Remember this from last August?
Computer system outage delays flights out of New York City
NEW YORK – Travelers trying to leave a New York City airport Saturday may face signficant delays due to equipment failure affecting Delta Airlines, authorities said. The computer system that tracks planes is down in D.C., which has air traffic controllers scrambling to reroute flights around that zone near the nation’s capital, according to a Delta spokesman. That is affecting flights leaving LaGuardia Airport and heading south. Shortly before noon, departure delays were at 1 hour and are expected to grow, the spokesman said. An estimated time of restoration was not given. Read More>>>
Then of course it was resolved:
One Year later this happens to Delta:NEW YORK —The Federal Aviation Administration says the computer problem that created massive delays on flights throughout the Northeast has been resolved and that flights are returning to normal. A computer problem at a Virginia air traffic control center led to significant flight delays Saturday at airports in the Washington and New York City areas, the FAA said. Airports with delays included Baltimore-Washington International Airport, where departures were stalled up to two hours as of 1:15 p.m. ET, the FAA said. An unspecified problem emerged in a computer system that processes flight plans at the Washington Air Route Traffic Control Center in Leesburg, Virginia, forcing the FAA to temporarily halt departures for all planes at the D.C.-area’s three major airports, the FAA said. Pix11 Read More>>>>>>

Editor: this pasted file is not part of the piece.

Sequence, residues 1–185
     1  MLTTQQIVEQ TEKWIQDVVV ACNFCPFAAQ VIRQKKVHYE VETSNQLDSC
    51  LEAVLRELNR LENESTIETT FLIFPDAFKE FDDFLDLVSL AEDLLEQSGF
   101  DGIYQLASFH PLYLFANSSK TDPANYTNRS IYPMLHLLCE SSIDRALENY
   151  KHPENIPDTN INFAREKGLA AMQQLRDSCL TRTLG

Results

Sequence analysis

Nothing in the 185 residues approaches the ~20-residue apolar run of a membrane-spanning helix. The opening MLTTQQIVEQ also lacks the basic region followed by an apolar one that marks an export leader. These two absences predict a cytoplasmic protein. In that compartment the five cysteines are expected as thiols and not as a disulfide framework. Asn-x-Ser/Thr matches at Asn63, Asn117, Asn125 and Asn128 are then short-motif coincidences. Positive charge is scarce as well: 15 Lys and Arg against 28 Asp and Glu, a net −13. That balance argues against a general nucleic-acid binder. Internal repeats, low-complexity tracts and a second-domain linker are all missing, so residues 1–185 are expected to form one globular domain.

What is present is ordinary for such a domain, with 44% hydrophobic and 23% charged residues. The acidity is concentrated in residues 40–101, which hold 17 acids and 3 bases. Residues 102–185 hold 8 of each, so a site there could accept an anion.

Q&A: Delta CEO on outage, efforts to ‘win back’ passengers Airline, passengers disappointed after long period without cancellations
NEW YORK — Delta Air Lines is spending $150 million this year on technology upgrades, including a better mobile app. But what CEO Ed Bastian never saw coming was a vulnerability to its reservations and operations servers that would cripple his airline for days. A computer outage Monday morning grounded planes around the world, stranding thousands of summertime travelers left in limbo as Delta struggled to sort out the mess, its reputation as an on-time airline severely tarnished. Problems lingered through Thursday, and the Atlanta-based airline had canceled more than 2,100 flights. Thousands of other flights were delayed. Bastian, who took over as CEO in May, told The Associated Press Wednesday that the problem started when an electrical component failed and let to a shutdown of the transformer providing power to the airline’s data center. A small fire was partly to blame. The system moved to backup power but not all of the servers were connected to that source, which caused the cascading problem. Below are the highlights of Bastian’s interview, edited for length and clarity. DP Read More>>>>>